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Re^2: Perl not BNF-able??

by anonymized user 468275 (Curate)
on Jul 01, 2005 at 11:45 UTC ( [id://471667] : note . print w/replies, xml ) Need Help??


in reply to Re: Perl not BNF-able??
in thread Perl not BNF-able??

The problem with 'Try it' is that it's an all or nothing proposition. For lisp, the BNF is small enough not to worry about that. I can see that you can't wrap up a piece of non-context-free syntax in isolation. However, what I expected was that it might be possible to describe different syntax-elements for each type of contextual variation.

I had a bad feeling about eval from the start, but I will still need to see where the process breaks down when worked through from first principles before I understand exactly what will go wrong (assuming the context-free issue is insurmountable, that is).

One world, one people

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Re^3: Perl not BNF-able??
by dave_the_m (Monsignor) on Jul 01, 2005 at 12:30 UTC
    A little warning. The yacc parser config in perl (perly.y) is 763 lines long, while the lexer (toke.c) is 10998 lines long. That should be a clue as to how much special-case code perl needs that the parser can't handle itself.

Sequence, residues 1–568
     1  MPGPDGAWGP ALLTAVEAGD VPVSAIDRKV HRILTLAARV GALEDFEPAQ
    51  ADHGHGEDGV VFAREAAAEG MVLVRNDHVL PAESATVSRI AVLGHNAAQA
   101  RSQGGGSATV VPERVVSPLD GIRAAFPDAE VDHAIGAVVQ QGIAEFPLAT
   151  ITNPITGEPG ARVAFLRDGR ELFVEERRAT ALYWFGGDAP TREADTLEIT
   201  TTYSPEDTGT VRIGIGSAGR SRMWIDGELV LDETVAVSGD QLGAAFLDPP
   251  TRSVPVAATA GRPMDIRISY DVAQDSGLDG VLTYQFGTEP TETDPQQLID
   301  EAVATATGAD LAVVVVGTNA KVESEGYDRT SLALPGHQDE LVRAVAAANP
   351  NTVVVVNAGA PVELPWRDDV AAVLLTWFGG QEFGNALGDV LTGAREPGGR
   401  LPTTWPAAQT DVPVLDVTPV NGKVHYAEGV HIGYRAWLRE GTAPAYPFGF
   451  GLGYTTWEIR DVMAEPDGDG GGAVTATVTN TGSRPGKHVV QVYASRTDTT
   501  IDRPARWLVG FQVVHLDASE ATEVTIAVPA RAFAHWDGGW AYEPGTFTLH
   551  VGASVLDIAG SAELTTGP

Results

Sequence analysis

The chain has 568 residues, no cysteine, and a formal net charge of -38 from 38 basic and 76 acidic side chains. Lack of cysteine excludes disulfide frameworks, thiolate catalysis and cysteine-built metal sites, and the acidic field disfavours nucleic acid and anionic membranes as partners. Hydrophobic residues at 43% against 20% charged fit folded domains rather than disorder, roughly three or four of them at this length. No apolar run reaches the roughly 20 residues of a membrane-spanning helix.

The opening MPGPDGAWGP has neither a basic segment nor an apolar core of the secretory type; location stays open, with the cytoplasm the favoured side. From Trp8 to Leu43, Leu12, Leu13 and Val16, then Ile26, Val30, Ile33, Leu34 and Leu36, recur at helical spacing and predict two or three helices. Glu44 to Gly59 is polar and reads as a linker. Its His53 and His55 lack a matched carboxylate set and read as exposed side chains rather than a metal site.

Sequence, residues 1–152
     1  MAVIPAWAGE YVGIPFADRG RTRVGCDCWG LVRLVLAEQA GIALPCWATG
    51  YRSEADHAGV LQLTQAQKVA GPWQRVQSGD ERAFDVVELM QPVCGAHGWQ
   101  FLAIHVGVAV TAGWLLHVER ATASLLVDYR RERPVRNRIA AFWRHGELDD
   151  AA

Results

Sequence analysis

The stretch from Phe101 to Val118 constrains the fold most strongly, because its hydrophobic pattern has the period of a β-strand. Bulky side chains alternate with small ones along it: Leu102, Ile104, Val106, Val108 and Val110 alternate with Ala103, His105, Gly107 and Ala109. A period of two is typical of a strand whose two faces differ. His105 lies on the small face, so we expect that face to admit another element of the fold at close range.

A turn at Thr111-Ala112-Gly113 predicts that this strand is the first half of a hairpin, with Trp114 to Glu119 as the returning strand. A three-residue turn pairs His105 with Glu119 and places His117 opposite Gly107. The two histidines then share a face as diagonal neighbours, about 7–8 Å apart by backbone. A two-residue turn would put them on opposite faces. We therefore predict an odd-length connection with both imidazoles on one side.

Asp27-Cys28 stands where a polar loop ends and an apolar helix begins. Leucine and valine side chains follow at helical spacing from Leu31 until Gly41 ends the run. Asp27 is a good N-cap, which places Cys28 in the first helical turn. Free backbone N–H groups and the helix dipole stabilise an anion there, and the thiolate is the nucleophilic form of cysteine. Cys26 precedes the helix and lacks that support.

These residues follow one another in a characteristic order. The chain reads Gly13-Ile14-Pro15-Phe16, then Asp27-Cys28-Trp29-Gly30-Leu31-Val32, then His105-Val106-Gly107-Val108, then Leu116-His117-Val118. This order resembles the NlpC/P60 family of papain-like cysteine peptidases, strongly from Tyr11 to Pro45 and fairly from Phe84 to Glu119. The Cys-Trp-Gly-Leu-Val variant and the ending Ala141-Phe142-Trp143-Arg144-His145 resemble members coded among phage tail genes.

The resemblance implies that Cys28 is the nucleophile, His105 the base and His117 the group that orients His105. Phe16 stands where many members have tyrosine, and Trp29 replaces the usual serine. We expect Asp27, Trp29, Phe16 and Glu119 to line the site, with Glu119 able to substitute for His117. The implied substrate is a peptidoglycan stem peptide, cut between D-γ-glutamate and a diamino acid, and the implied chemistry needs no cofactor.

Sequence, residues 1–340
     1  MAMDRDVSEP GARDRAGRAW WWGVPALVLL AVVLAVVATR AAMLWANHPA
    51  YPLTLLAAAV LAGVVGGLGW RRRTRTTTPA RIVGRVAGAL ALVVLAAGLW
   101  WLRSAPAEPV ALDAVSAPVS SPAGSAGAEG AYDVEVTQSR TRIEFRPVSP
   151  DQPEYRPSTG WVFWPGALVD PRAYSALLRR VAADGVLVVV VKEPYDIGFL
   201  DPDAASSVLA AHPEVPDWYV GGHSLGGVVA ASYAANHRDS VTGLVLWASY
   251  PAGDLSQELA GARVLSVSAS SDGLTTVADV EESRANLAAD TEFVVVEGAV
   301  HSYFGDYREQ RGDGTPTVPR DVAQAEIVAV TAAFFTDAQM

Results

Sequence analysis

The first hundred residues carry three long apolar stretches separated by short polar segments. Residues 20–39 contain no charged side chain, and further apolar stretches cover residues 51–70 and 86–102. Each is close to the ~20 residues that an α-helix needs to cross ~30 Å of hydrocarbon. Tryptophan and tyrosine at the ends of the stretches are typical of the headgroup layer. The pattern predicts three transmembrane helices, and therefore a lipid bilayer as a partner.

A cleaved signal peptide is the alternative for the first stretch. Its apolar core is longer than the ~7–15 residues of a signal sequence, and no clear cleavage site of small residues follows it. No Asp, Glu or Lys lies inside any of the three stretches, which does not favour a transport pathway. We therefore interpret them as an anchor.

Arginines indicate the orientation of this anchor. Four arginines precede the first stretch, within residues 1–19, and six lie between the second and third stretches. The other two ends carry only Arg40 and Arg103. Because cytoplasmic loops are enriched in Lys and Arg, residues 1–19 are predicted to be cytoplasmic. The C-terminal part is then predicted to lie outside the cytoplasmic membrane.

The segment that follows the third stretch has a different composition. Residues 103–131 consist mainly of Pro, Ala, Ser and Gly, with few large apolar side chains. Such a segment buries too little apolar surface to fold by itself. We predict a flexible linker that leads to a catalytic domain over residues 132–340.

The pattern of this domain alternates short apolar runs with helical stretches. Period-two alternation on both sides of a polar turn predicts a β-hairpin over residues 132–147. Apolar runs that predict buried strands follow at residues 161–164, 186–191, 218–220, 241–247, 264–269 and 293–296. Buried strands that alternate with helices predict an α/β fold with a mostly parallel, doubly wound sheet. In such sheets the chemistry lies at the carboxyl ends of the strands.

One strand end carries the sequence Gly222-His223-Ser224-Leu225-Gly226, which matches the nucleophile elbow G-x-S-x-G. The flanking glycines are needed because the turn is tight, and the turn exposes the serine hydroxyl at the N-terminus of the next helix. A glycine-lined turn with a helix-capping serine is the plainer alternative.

Dave.

      I was in a conversation the other day where Larry said that the reason he did that was to be able to say that Perl 5 had a smaller parser than did Perl 4. Now that he's refactoring the tokenizer, I think he regrets that choice somewhat.

Re: Perl not BNF-able??
by jonadab (Parson) on Jul 02, 2005 at 21:58 UTC
    For lisp, the BNF is small enough not to worry about that

    Well, yeah, lisp barely even *has* syntax. That's the opposite end of the spectrum.

    I can see that you can't wrap up a piece of non-context-free syntax in isolation. However, what I expected was that it might be possible to describe different syntax-elements for each type of contextual variation.

    Yes, in principle. Perl can be parsed, obviously, because perl does parse it, QED. But the question is, what is required to make that happen? Perl has both left-associative and right-associative operators, for instance (although Perl5 is less whole-hog in this regard than Perl6 will be). Perhaps the larger issue, though, is that there are various things that can change the rules for how to parse other things, and they don't all come right before the thing whose interpretation they change. Just for one little example, consider the /x modifier, which changes the interpretation of whitespace and number signs that occur in the middle of the regex, before it. For a Turing-complete parser, this is not a problem, because you just scan ahead and see what's coming. I'm not a BNF guru, but if it has a concept of lookahead, I'm not aware of it.